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dc.contributor.authorTZENG, JAU-HWAN.
dc.creatorTZENG, JAU-HWAN.en_US
dc.date.accessioned2011-10-31T18:14:59Zen
dc.date.available2011-10-31T18:14:59Zen
dc.date.issued1983en_US
dc.identifier.urihttp://hdl.handle.net/10150/186635en
dc.description.abstractA nitrogen-cooled and an argon-cooled hydrogen flame have been used for the determination of sulfur containing species in solids by molecular emission cavity analysis (MECA). The argon-cooled flame is much more sensitive for the determination of SO₄²⁻. In a solid mixture containing S₈, S²⁻, SO₃²⁻, and SO₄²⁻, the presence of one or more of these sulfur containing species can be determined with the argon-cooled flame. The nitrogen-cooled flame can be useful, for example, in the determination of a mixture of S₈ and SO₃²⁻ in a solid matrix. All these sulfur containing species can be quantitatively determined in the argon-cooled flame in the concentration range from about 10 ppm to 5000 ppm. The variation from 10 percent to 30 percent in the reproducibility of these measurements has been attributed to the non-homogeneity of the solid materials and the small sizes required. Sulfur dioxide has been used for the reduction of ammoniacal copper(II) solutions to solutions containing various copper(I) compounds. These copper(I) compounds can be reduced further to copper metal by varying the solution conditions. The mechanisms of the reactions involved must be understood before they can be successfully used for the large scale production of copper. Porth et al.'s method was followed for the synthesis of Cu(I) intermediates. Several compounds were isolated and their compositions determined. The changes in the relative concentrations of Cu(I) and Cu(II) are also important for unraveling the kinetics and mechanisms of these reactions. A simple spectrophotometric method using 2,9-dimethyl-1,10-phenanthroline was developed to monitor the Cu(I) concentration in solution. The sensitivity of the method is sufficient to determine 10⁻⁵ M Cu(I) in the presence of Cu(II); SO₂, however, interferes with the method. Other possible methods including the use of a mixture of EDTA and 2,9-dimethyl-1,10-phenanthroline were also examined. Evidence is presented for the formation of a ternary complex of copper(I), 2-9-dimethyl-1,10-phenanthroline, and EDTA. The possibility of using a mixture of Cu(II) and 2,9-dimethyl-1,10-phenanthroline to determine SO₂ was tested. Oxygen was found to interfere with this method.
dc.language.isoenen_US
dc.publisherThe University of Arizona.en_US
dc.rightsCopyright © is held by the author. Digital access to this material is made possible by the University Libraries, University of Arizona. Further transmission, reproduction or presentation (such as public display or performance) of protected items is prohibited except with permission of the author.en_US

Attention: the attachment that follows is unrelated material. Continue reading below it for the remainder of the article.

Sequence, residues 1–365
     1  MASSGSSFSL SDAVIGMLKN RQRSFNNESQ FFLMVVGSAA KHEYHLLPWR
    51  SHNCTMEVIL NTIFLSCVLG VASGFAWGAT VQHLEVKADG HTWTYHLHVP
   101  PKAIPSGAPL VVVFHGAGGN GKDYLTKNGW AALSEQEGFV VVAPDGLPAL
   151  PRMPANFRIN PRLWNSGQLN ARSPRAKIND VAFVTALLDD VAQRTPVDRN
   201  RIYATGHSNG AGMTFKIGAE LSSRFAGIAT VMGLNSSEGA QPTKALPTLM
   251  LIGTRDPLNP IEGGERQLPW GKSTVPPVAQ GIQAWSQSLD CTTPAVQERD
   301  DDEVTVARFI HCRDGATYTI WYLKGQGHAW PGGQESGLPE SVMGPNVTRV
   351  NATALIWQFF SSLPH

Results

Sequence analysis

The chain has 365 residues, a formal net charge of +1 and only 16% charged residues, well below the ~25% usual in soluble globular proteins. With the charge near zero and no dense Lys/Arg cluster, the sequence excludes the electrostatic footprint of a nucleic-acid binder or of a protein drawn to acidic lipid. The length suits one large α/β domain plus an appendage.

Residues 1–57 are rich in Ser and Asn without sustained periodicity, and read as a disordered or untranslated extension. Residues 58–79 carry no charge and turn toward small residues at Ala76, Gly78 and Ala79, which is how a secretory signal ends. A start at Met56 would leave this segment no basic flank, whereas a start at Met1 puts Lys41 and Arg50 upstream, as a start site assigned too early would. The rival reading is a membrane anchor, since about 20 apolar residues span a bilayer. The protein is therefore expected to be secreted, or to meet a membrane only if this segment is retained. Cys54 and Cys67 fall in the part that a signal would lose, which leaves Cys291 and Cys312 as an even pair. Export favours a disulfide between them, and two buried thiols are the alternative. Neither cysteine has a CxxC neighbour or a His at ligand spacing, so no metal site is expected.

dc.subjectCopper compounds -- Analysis.en_US
dc.subjectSulfur compounds -- Analysis.en_US
dc.subjectTrace elements -- Analysis.en_US
dc.titleTRACE ANALYSIS OF CERTAIN CATIONS AND ANIONS: SULFUR SPECIES IN SOLIDS AND COPPER(I) IN AQUEOUS SOLUTIONS.en_US
dc.typetexten_US
dc.typeDissertation-Reproduction (electronic)en_US
dc.identifier.oclc689058268en_US
thesis.degree.grantorUniversity of Arizonaen_US
thesis.degree.leveldoctoralen_US
dc.identifier.proquest8319736en_US
thesis.degree.disciplineChemistryen_US
thesis.degree.disciplineGraduate Collegeen_US
thesis.degree.namePh.D.en_US
refterms.dateFOA2018-06-25T04:13:18Z
html.description.abstractA nitrogen-cooled and an argon-cooled hydrogen flame have been used for the determination of sulfur containing species in solids by molecular emission cavity analysis (MECA). The argon-cooled flame is much more sensitive for the determination of SO₄²⁻. In a solid mixture containing S₈, S²⁻, SO₃²⁻, and SO₄²⁻, the presence of one or more of these sulfur containing species can be determined with the argon-cooled flame. The nitrogen-cooled flame can be useful, for example, in the determination of a mixture of S₈ and SO₃²⁻ in a solid matrix. All these sulfur containing species can be quantitatively determined in the argon-cooled flame in the concentration range from about 10 ppm to 5000 ppm. The variation from 10 percent to 30 percent in the reproducibility of these measurements has been attributed to the non-homogeneity of the solid materials and the small sizes required. Sulfur dioxide has been used for the reduction of ammoniacal copper(II) solutions to solutions containing various copper(I) compounds. These copper(I) compounds can be reduced further to copper metal by varying the solution conditions. The mechanisms of the reactions involved must be understood before they can be successfully used for the large scale production of copper. Porth et al.'s method was followed for the synthesis of Cu(I) intermediates. Several compounds were isolated and their compositions determined. The changes in the relative concentrations of Cu(I) and Cu(II) are also important for unraveling the kinetics and mechanisms of these reactions. A simple spectrophotometric method using 2,9-dimethyl-1,10-phenanthroline was developed to monitor the Cu(I) concentration in solution. The sensitivity of the method is sufficient to determine 10⁻⁵ M Cu(I) in the presence of Cu(II); SO₂, however, interferes with the method. Other possible methods including the use of a mixture of EDTA and 2,9-dimethyl-1,10-phenanthroline were also examined. Evidence is presented for the formation of a ternary complex of copper(I), 2-9-dimethyl-1,10-phenanthroline, and EDTA. The possibility of using a mixture of Cu(II) and 2,9-dimethyl-1,10-phenanthroline to determine SO₂ was tested. Oxygen was found to interfere with this method.


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